I am really interested in what makes a house look classically good inside and out on a daily basis. One thing that I think helps is to have somewhere to put everything. You have the unique opportunity to organize your house by designing in good systems. Fabulous storage is essential. And I also love just feeling comfortable, which means, for instance, putting a seat in the place where you take off your shoes. I like to take off my shoes at the front door because I live in a place that has tons of mud and I’m a gardener thus a seat near the front door appears frequently in my designs. I believe in living simply but comfortably so I am constantly playing with how much space I really need. Below is a list of common elements that I like to include in my designs and my thoughts on them.
* A wide porch with a roof so you feel a transition moving from car to house, so you have a protected place to set your groceries when you are coming in and for hanging out when you want to read or visit with friends in a place that is outside but still has the comfort of inside (it’s nice not to have to be wary of slugs when your blind grandmother comes to visit)
* An entryway so you don’t have to stand in the livingroom dripping wet on the carpet or see the clutter if your child has decided not to hang her snowsuit up.
* Staircases near the front door so you can run up to get the thing you forgot without running through the whole house.
*Rooms that are cul-de-sacs so that you don’t have people running through the rooms to get other places disrupting the activities, conversations or the peace of the room
*Having public rooms in very close proximity so people can still feel connected and not too isolated
* A bathroom near the door. Helps with taking off wet/muddy things, makes dashes to the bathroom easier, keeps bathroom activities (noises/smells) more separate from common rooms.
* Closets for cleaning supplies near the kitchen, office stuff near the front door (so that incoming mail receipts can go there without being viewed by guests), adult games near the livingroom, dishes near the diningroom (preferably between the kitchen and the diningroom over the sink/dishwasher), linens near the bedrooms and towels near the bathroom. A pantry. A place for trash and recycling. Closets and pegs for coats near the front door.
*Having a bedroom on the ground floor if at all possible so that people who are less mobile and unable to use the stairs can get in and out of the house easily. This ideally doubles as a guest room so that guests can go outside or get a cup of coffee in the morning without waking anyone else up and as an temporary workroom so that any office or other work (such as taxes) that needs to be done can be left out without getting dangerously disarranged.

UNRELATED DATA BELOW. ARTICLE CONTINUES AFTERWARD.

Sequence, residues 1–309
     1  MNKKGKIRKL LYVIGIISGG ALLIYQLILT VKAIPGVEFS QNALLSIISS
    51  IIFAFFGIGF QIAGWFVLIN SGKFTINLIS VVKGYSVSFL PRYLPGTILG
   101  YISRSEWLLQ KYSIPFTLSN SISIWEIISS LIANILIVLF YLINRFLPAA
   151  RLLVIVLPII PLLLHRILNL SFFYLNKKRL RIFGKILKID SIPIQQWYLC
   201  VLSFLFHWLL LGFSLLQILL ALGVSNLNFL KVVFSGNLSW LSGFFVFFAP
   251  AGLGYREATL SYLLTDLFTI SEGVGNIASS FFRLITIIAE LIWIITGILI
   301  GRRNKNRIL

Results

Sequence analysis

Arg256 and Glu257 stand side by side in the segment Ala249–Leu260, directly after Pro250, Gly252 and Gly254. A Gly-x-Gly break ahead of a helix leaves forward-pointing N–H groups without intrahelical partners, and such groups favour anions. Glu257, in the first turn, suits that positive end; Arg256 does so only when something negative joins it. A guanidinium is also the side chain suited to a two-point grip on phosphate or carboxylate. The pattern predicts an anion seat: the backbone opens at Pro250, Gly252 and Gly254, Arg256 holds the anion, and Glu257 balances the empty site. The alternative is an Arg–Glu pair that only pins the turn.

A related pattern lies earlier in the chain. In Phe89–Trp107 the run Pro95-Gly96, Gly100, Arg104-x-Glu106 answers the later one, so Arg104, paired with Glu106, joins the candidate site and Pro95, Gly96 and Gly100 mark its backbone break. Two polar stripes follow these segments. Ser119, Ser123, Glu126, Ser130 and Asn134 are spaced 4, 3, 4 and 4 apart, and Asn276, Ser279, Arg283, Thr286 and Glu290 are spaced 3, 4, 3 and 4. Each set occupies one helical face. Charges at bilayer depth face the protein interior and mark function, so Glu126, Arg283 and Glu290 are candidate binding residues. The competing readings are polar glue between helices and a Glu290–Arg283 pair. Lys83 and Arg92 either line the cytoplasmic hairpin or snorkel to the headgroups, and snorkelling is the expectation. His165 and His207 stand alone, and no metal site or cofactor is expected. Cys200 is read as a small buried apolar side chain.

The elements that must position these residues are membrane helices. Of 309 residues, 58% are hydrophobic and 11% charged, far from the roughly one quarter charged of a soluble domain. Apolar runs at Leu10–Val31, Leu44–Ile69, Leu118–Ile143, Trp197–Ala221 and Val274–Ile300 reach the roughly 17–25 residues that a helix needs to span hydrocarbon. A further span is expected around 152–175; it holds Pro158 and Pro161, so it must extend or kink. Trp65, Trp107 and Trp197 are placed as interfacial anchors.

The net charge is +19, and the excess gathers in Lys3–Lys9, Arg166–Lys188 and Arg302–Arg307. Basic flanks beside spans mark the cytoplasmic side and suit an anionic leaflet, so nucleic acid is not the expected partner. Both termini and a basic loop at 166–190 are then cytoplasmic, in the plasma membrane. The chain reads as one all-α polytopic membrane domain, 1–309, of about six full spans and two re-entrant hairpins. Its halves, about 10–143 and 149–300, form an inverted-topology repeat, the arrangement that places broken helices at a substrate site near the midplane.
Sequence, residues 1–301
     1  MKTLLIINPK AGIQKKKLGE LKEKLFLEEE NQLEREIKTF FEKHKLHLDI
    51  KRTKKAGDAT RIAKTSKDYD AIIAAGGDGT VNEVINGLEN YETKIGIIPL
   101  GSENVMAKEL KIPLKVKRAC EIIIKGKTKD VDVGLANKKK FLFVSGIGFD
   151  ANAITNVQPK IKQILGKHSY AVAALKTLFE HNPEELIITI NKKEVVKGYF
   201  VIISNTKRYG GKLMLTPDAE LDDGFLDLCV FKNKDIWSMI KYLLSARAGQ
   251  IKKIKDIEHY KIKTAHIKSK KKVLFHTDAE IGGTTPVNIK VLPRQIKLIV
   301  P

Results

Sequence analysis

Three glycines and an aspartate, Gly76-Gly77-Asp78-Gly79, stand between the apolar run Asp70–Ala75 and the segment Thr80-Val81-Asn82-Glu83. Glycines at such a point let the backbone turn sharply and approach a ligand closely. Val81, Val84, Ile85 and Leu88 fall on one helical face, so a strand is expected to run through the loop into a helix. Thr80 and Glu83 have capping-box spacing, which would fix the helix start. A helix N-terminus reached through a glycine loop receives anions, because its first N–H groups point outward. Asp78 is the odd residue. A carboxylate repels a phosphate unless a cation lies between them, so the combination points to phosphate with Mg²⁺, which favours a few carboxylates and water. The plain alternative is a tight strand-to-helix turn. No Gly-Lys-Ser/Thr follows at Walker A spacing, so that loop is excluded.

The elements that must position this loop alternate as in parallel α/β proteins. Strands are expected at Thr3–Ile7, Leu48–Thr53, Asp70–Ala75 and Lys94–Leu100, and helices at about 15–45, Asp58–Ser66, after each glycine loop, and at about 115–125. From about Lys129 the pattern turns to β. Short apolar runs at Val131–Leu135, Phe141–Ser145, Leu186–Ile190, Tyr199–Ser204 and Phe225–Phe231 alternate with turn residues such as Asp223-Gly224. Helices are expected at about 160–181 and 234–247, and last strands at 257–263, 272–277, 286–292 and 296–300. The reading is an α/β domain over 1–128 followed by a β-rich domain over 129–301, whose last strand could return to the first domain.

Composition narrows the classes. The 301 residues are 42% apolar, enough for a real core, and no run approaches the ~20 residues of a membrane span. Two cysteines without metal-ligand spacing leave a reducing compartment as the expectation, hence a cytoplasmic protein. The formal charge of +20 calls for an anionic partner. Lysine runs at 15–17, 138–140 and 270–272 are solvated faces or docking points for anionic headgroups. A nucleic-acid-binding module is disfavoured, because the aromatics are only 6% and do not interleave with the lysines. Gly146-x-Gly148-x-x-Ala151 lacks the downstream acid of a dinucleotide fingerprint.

* Near the guest room it is nice to have a WC with a shower on the first floor so that less mobile people can wash more easily.
* Having a laundry on the second floor near the family bedrooms. I should say that in the cold climate I live in, people tend to build two story houses since they are easier to heat than large sprawling ranches (heat goes up). Family bedrooms generally go on the second floor because it protects them and makes the public rooms easier to get to for guests.
* I also like to have a full bath on the second floor because I think I was a mermaid in a previous life. The winter my child was a baby we used to sometimes take bathes three times a day, just for fun. Not very economical but cheaper than therapy. I love swimming in the summer and Maine has tons of beautiful clean fresh water ponds. In the winter public pools are ok but the chlorine can be a little nasty. If the bath is on the second floor near the laundry and the bedrooms it makes it easy to pick up clean clothes and stash dirty ones afterward.
*I like to have most of the public rooms on the south side of the house so as to get as much sunshine as I can in the winter. An outside table accessed from the dining room is nice so you can go outside to eat if you choose. A pergola and some sort of vine over it is also nice on the south side for those very hot days in summer. Perennial vines have the added attraction that they lose their leaves in the winter so adding needed light in the winter.
* I have come to the conclusion that the dining room and living room need to be close but separated auditorily from each other and that the best thing is if the living room has a door on it. That way you have an away room for people to be in to visit, listen to music or watch videos without intruding on the rest of the house. Or curl up with a book. You could have a separate away room, in the downstairs bedroom but that would take more furniture to make it comfy enough to be a really nice lounging room. And it would change the feel of that room away from a bedroom retreat. For my needs I find two public spaces to be enough since we like to hang out at our huge dining room table to have coffee/tea or play games with guests.